In this issue

Jonathan Tobin: Defending the Right to a Jewish State

Heather Hale: Compliment your kids without giving them big heads

Megan Shauri: 10 ways you are ruining your own happiness

Carolyn Bigda: 8 Best Dividend Stocks for 2015

Kiplinger's Personal Finance editors: 7 Things You Didn't Know About Paying Off Student Loans

Samantha Olson: The Crucial Mistake 55% Of Parents Are Making At Their Baby's Bedtime

Densie Well, Ph.D., R.D. Open your eyes to yellow vegetables

The Kosher Gourmet by Megan Gordon With its colorful cache of purples and oranges and reds, COLLARD GREEN SLAW is a marvelous mood booster --- not to mention just downright delish
April 18, 2014

Rabbi Yonason Goldson: Clarifying one of the greatest philosophical conundrums in theology

Caroline B. Glick: The disappearance of US will

Megan Wallgren: 10 things I've learned from my teenagers

Lizette Borreli: Green Tea Boosts Brain Power, May Help Treat Dementia

John Ericson: Trying hard to be 'positive' but never succeeding? Blame Your Brain

The Kosher Gourmet by Julie Rothman Almondy, flourless torta del re (Italian king's cake), has royal roots, is simple to make, . . . but devour it because it's simply delicious

April 14, 2014

Rabbi Dr Naftali Brawer: Passover frees us from the tyranny of time

Greg Crosby: Passing Over Religion

Eric Schulzke: First degree: How America really recovered from a murder epidemic

Georgia Lee: When love is not enough: Teaching your kids about the realities of adult relationships

Cameron Huddleston: Freebies for Your Lawn and Garden

Gordon Pape: How you can tell if your financial adviser is setting you up for potential ruin

Dana Dovey: Up to 500,000 people die each year from hepatitis C-related liver disease. New Treatment Has Over 90% Success Rate

Justin Caba: Eating Watermelon Can Help Control High Blood Pressure

The Kosher Gourmet by Joshua E. London and Lou Marmon Don't dare pass over these Pesach picks for Manischewitz!

April 11, 2014

Rabbi Hillel Goldberg: Silence is much more than golden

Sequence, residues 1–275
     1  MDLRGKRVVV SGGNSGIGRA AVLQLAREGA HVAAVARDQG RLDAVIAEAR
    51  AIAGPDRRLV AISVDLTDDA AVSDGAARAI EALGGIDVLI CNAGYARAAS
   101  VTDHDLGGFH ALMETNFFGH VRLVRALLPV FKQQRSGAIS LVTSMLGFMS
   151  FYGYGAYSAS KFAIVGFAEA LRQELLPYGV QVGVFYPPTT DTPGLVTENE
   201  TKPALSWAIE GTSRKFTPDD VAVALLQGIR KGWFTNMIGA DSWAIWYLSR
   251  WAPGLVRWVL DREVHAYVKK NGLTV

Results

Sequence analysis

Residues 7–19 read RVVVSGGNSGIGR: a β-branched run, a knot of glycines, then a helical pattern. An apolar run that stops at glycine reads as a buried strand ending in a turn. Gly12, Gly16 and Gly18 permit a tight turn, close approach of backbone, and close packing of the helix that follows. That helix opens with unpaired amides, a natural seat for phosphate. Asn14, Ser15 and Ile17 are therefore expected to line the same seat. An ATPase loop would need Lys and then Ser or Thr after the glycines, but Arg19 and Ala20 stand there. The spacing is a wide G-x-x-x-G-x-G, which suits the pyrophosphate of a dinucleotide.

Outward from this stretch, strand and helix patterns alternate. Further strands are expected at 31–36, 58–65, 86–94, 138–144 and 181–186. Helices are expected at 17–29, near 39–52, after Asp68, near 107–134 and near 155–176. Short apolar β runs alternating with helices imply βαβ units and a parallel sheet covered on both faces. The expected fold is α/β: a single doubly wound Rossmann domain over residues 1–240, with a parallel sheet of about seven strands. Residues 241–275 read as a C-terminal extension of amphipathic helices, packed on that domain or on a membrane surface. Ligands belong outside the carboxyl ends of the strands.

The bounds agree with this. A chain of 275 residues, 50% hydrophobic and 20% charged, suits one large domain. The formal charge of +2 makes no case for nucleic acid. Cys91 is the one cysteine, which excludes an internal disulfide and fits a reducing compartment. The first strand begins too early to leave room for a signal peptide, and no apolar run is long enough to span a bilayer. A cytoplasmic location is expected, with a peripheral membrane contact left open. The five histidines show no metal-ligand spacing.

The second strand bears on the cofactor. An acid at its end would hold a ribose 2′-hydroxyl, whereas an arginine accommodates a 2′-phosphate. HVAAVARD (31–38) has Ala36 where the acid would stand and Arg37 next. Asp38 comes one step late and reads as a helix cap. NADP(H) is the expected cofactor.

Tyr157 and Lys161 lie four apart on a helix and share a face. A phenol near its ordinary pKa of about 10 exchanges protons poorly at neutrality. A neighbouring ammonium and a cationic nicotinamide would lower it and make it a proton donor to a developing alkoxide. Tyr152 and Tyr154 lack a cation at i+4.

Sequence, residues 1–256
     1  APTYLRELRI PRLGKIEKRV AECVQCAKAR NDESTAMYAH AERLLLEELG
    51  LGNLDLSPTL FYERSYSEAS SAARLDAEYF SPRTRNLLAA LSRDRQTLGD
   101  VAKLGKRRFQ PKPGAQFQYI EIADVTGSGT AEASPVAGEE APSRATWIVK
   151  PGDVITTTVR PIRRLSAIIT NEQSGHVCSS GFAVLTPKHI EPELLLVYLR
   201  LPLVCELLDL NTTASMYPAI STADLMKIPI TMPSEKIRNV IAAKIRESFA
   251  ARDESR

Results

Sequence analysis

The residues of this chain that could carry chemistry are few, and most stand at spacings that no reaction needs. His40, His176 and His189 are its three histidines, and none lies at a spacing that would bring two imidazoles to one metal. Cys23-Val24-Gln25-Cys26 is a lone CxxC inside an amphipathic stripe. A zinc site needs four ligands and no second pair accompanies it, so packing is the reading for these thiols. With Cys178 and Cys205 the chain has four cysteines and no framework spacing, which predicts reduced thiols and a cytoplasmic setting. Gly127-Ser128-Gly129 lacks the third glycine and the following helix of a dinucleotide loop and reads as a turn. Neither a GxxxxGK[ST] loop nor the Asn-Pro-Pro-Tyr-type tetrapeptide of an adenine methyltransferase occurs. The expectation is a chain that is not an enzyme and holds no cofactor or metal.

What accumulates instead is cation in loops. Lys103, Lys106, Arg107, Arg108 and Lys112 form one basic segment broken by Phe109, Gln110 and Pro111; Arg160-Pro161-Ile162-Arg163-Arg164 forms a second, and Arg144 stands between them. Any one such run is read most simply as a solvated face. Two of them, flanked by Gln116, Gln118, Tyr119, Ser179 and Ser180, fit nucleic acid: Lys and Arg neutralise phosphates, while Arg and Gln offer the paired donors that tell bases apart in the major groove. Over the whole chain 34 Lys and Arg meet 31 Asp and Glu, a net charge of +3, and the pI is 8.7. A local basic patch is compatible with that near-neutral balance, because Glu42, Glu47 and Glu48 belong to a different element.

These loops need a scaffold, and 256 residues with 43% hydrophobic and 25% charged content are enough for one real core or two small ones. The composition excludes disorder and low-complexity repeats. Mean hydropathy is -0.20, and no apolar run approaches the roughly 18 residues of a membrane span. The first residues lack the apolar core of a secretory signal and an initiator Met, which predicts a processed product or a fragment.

Caroline B. Glick: Forgetting freedom at Passover

Susan Swann: How to value a child for who he is, not just what he does

Cameron Huddleston: 7 Financial Tasks You Should Tackle Right Now

Sandra Block and Lisa Gerstner: How to Profit From Your Passion

Susan Scutti: A Simple Blood Test Might Soon Diagnose Cancer

Chris Weller: Have A Slow Metabolism? Let Science Speed It Up For You

The Kosher Gourmet by Diane Rossen Worthington Whitefish Terrine: A French take on gefilte fish

April 9, 2014

Jonathan Tobin: Why Did Kerry Lie About Israeli Blame?

Samuel G. Freedman: A resolution 70 years later for a father's unsettling legacy of ashes from Dachau

Jessica Ivins: A resolution 70 years later for a father's unsettling legacy of ashes from Dachau

Kim Giles: Asking for help is not weakness

Kathy Kristof and Barbara Hoch Marcus: 7 Great Growth Israeli Stocks

Matthew Mientka: How Beans, Peas, And Chickpeas Cleanse Bad Cholesterol and Lowers Risk of Heart Disease

Sabrina Bachai: 5 At-Home Treatments For Headaches

The Kosher Gourmet by Daniel Neman Have yourself a matzo ball: The secrets bubby never told you and recipes she could have never imagined

April 8, 2014

Lori Nawyn: At Your Wit's End and Back: Finding Peace

Susan B. Garland and Rachel L. Sheedy: Strategies Married Couples Can Use to Boost Benefits

David Muhlbaum: Smart Tax Deductions Non-Itemizers Can Claim

Jill Weisenberger, M.S., R.D.N., C.D.E : Before You Lose Your Mental Edge

Dana Dovey: Coffee Drinkers Rejoice! Your Cup Of Joe Can Prevent Death From Liver Disease

Chris Weller: Electric 'Thinking Cap' Puts Your Brain Power Into High Gear

The Kosher Gourmet by Marlene Parrish A gift of hazelnuts keeps giving --- for a variety of nutty recipes: Entree, side, soup, dessert

April 4, 2014

Rabbi David Gutterman: The Word for Nothing Means Everything

Charles Krauthammer: Kerry's folly, Chapter 3

Amy Peterson: A life of love: How to build lasting relationships with your children

John Ericson: Older Women: Save Your Heart, Prevent Stroke Don't Drink Diet

John Ericson: Why 50 million Americans will still have spring allergies after taking meds

Cameron Huddleston: Best and Worst Buys of April 2014

Stacy Rapacon: Great Mutual Funds for Young Investors

Sarah Boesveld: Teacher keeps promise to mail thousands of former students letters written by their past selves

The Kosher Gourmet by Sharon Thompson Anyone can make a salad, you say. But can they make a great salad? (SECRETS, TESTED TECHNIQUES + 4 RECIPES, INCLUDING DRESSINGS)

April 2, 2014

Paul Greenberg: Death and joy in the spring

Dan Barry: Should South Carolina Jews be forced to maintain this chimney built by Germans serving the Nazis?

Mayra Bitsko: Save me! An alien took over my child's personality

Frank Clayton: Get happy: 20 scientifically proven happiness activities

Susan Scutti: It's Genetic! Obesity and the 'Carb Breakdown' Gene